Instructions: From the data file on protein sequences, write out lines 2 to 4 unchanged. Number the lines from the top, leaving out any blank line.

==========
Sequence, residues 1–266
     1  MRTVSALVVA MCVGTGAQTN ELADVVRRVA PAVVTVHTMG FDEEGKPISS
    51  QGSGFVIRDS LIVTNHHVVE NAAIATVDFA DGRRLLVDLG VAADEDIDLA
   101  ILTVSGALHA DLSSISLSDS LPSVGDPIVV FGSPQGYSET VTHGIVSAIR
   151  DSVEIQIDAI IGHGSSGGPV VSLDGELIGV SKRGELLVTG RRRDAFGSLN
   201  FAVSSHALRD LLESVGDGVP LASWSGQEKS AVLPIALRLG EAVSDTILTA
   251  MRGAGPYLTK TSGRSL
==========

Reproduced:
     1  MRTVSALVVA MCVGTGAQTN ELADVVRRVA PAVVTVHTMG FDEEGKPISS
    51  QGSGFVIRDS LIVTNHHVVE NAAIATVDFA DGRRLLVDLG VAADEDIDLA
   101  ILTVSGALHA DLSSISLSDS LPSVGDPIVV FGSPQGYSET VTHGIVSAIR